Loading

NHS Long Term Plan views from experts at sheffield hallam university

Earlier this week the Government launched a 10-year plan for the NHS, setting out how the £20.5 billion budget settlement will be spent over the next 5 years.

Key priorities for this plan include:

  • Reducing stillbirths and mother and child deaths during birth by 50%
  • Preventing up to 150,000 heart attacks, strokes and dementia cases over the next 10 years
  • Spending at least £2.3bn more a year on mental health care, including increased funding for children and young people’s mental health
  • Saving 55,000 more lives a year by diagnosing more cancers early and improving outcomes for children and young people

Here's what some of our experts have to say.

Reducing stillbirths and mother and child deaths during birth by 50%

“The Government's effort to reduce health inequalities for mothers and their babies is long-awaited. Our research has shown there's a higher risk of extremely preterm birth, extremely low birthweight and perinatal mortality for adolescent mothers. Similarly we have shown that BAME and migrant mothers suffer more complications and negative experiences during pregnancy and birth.

These women need culturally-competent, compassionate health professionals who listen to them and provide respectful, dignified and equitable perinatal care, undergirded by multidisciplinary team-working and a continuity of care. It is also paramount to bear in mind the importance of the needs of pregnant mothers, particularly those from vulnerable groups, that go beyond clinical care and require more holistic, psychosocial approaches.

Hora Soltani, Professor of maternal and infant health

Preventing up to 150,000 heart attacks, strokes and dementia cases over the next 10 years

“I am pleased to see cardiac rehabilitation (CR) is explicitly named as a priority. The Government has set an ambitious target of 85% of patients accessing CR by 2028. This is more than a 30% jump, however to be effective, we need to be ambitious. CR is for everyone who has had a heart problem, regardless of physical ability. It improves quality of life and helps people return to the activities that are important to them. It adds life to years. However, CR deals with a problem once it has occurred. Whilst this is important, the government's CVD primary prevention strategy is of equal importance. Detecting high blood pressure and/or other cardiometabolic risk factors early on will prevent premature morbidity and mortality.”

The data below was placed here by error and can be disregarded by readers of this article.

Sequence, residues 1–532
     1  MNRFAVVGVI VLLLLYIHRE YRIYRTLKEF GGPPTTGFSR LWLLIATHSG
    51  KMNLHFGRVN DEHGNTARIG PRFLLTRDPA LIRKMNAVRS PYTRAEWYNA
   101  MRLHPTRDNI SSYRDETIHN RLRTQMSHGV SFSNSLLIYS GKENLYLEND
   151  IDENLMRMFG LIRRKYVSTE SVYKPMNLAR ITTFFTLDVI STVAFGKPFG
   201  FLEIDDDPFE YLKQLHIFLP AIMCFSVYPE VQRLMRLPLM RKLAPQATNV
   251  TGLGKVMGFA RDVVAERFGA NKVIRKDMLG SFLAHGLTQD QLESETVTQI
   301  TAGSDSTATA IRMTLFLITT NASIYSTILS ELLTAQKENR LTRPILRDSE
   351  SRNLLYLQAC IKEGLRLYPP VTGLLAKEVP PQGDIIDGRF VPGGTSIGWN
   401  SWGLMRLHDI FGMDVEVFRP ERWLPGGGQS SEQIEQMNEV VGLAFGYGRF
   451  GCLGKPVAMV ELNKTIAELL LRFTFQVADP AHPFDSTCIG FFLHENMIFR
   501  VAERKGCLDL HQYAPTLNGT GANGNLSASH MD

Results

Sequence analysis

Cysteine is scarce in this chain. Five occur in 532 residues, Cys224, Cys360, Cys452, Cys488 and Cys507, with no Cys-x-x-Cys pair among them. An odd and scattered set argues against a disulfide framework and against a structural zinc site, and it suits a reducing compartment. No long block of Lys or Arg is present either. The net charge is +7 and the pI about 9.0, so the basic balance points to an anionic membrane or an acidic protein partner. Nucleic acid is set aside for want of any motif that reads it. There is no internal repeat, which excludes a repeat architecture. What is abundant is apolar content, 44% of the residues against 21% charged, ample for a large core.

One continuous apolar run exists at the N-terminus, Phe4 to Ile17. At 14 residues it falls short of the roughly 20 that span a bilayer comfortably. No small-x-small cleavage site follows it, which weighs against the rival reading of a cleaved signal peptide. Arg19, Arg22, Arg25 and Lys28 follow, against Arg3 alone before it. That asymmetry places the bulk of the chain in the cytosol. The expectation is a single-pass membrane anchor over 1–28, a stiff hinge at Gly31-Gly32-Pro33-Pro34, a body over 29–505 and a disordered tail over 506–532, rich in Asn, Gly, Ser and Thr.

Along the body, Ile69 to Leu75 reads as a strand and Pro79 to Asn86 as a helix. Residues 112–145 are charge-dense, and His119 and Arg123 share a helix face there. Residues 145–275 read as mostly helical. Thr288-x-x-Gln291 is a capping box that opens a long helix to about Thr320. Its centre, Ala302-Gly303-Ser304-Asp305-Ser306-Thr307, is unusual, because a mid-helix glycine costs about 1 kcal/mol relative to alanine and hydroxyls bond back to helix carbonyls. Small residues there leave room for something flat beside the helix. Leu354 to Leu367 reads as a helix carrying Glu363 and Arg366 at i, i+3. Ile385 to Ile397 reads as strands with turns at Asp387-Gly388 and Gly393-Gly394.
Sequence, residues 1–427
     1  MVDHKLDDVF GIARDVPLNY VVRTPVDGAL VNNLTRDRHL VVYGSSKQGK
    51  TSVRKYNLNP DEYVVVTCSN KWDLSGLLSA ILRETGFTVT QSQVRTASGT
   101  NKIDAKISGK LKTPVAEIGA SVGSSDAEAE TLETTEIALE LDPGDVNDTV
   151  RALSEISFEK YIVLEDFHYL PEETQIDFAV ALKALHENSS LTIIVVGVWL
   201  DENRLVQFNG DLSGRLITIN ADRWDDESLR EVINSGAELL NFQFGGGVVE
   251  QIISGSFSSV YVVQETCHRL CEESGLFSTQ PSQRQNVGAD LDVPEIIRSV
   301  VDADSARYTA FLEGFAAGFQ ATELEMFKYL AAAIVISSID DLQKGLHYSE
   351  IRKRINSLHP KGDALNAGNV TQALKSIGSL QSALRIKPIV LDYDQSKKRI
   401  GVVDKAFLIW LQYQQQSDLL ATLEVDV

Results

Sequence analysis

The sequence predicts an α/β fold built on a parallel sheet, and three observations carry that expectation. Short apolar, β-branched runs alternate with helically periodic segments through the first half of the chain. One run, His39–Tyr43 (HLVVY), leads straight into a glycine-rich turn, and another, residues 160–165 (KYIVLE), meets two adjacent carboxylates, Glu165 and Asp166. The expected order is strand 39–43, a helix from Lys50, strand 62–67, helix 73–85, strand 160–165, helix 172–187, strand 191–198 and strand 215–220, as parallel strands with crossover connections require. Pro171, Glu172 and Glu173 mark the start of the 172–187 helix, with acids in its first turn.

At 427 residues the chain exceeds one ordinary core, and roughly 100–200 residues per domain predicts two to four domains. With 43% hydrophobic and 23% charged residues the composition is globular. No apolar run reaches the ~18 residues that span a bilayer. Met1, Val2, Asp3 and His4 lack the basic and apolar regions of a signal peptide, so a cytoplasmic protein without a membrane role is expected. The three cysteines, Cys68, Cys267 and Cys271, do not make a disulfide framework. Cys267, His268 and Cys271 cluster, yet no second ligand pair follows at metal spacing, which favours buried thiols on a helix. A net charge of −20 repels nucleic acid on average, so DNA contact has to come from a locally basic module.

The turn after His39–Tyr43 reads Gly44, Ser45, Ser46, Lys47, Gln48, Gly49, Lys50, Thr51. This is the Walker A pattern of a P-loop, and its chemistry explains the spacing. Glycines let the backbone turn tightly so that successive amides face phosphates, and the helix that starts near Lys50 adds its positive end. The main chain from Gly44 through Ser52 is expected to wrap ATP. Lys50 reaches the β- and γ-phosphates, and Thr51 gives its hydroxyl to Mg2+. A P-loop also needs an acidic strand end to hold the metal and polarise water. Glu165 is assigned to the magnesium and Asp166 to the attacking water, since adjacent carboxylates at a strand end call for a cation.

Dr Simon Nichols, Research fellow in exercise physiology and scientific officer at the British Association of Cardiovascular Prevention and Rehabilitation (BACPR)

Spending at least £2.3bn more a year on mental health care, including increased funding for children and young people’s mental health

"The long-term plan represents vital progress for mental health services. We’ve been developing early interventions and mental health initiatives for young people which have been constrained by lack of budget and have not been as comprehensive as they needed to be. This new funding announced by the Government should allow for a more joined-up, public health approach when caring for children and young people's mental health, going some way further towards providing them with the right care within the right facilities at the right time."

Dr James Turner, Professional lead in mental health nursing

Saving 55,000 more lives a year by diagnosing more cancers early and improving outcomes for children and young people

“Accelerated diagnosis and treatment for cancers is a positive and welcome ambition; it is claimed this will be supported with appropriate equipment investment (CT scanners and MRI scanners etc) and the current radiotherapy equipment replacement programme will be completed. This ambition also needs a substantial increase in key specialist staff. There is a shortage of radiographers and it will be interesting to see how the shortfall will be met.

Greater choice and more personalised medicine will see a fundamental shift towards person-centred care, engaging patients in meaningful conversations about their own care and creating genuine, valuable partnerships between clinicians and patients.”

Heidi Probst, Professor of radiotherapy and oncology

Sheffield Hallam University is a national leader in creating innovative and real-world solutions for tackling today's health and wellbeing challenges.

The University is the largest provider of health and social care education in England. With courses covering all aspects of healthcare including: nursing, midwifery, allied health, social care and sport, its curriculum creates the skilled workforce the NHS needs to deliver better long-term health outcomes for the nation.

Report Abuse

If you feel that this video content violates the Adobe Terms of Use, you may report this content by filling out this quick form.

To report a copyright violation, please follow the DMCA section in the Terms of Use.